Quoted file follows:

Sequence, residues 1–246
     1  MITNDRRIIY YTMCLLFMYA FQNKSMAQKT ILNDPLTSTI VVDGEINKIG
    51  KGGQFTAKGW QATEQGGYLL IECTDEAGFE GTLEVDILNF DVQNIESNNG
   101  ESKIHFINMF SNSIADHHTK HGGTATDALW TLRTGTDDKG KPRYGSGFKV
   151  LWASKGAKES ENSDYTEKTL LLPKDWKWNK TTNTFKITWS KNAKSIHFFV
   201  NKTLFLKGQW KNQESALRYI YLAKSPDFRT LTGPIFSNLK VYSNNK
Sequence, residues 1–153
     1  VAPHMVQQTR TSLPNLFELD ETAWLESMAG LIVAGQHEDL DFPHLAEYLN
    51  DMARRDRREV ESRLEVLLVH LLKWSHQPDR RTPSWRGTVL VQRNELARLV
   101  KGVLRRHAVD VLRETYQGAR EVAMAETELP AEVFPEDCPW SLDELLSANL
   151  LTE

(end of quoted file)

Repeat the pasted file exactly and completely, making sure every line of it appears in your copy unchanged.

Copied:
Sequence, residues 1–246
     1  MITNDRRIIY YTMCLLFMYA FQNKSMAQKT ILNDPLTSTI VVDGEINKIG
    51  KGGQFTAKGW QATEQGGYLL IECTDEAGFE GTLEVDILNF DVQNIESNNG
   101  ESKIHFINMF SNSIADHHTK HGGTATDALW TLRTGTDDKG KPRYGSGFKV
   151  LWASKGAKES ENSDYTEKTL LLPKDWKWNK TTNTFKITWS KNAKSIHFFV
   201  NKTLFLKGQW KNQESALRYI YLAKSPDFRT LTGPIFSNLK VYSNNK
Sequence, residues 1–153
     1  VAPHMVQQTR TSLPNLFELD ETAWLESMAG LIVAGQHEDL DFPHLAEYLN
    51  DMARRDRREV ESRLEVLLVH LLKWSHQPDR RTPSWRGTVL VQRNELARLV
   101  KGVLRRHAVD VLRETYQGAR EVAMAETELP AEVFPEDCPW SLDELLSANL
   151  LTE